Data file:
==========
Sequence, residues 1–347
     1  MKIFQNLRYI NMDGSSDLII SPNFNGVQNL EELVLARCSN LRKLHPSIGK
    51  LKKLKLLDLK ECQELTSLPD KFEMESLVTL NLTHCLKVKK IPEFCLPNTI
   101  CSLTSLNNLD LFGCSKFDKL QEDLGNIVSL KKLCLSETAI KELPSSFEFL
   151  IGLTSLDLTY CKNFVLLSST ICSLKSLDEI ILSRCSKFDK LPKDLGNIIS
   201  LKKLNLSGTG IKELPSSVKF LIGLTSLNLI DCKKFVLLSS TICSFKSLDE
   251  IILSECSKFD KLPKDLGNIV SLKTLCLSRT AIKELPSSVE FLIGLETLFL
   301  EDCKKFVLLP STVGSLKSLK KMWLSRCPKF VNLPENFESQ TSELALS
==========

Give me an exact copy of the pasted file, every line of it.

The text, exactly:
Sequence, residues 1–347
     1  MKIFQNLRYI NMDGSSDLII SPNFNGVQNL EELVLARCSN LRKLHPSIGK
    51  LKKLKLLDLK ECQELTSLPD KFEMESLVTL NLTHCLKVKK IPEFCLPNTI
   101  CSLTSLNNLD LFGCSKFDKL QEDLGNIVSL KKLCLSETAI KELPSSFEFL
   151  IGLTSLDLTY CKNFVLLSST ICSLKSLDEI ILSRCSKFDK LPKDLGNIIS
   201  LKKLNLSGTG IKELPSSVKF LIGLTSLNLI DCKKFVLLSS TICSFKSLDE
   251  IILSECSKFD KLPKDLGNIV SLKTLCLSRT AIKELPSSVE FLIGLETLFL
   301  EDCKKFVLLP STVGSLKSLK KMWLSRCPKF VNLPENFESQ TSELALS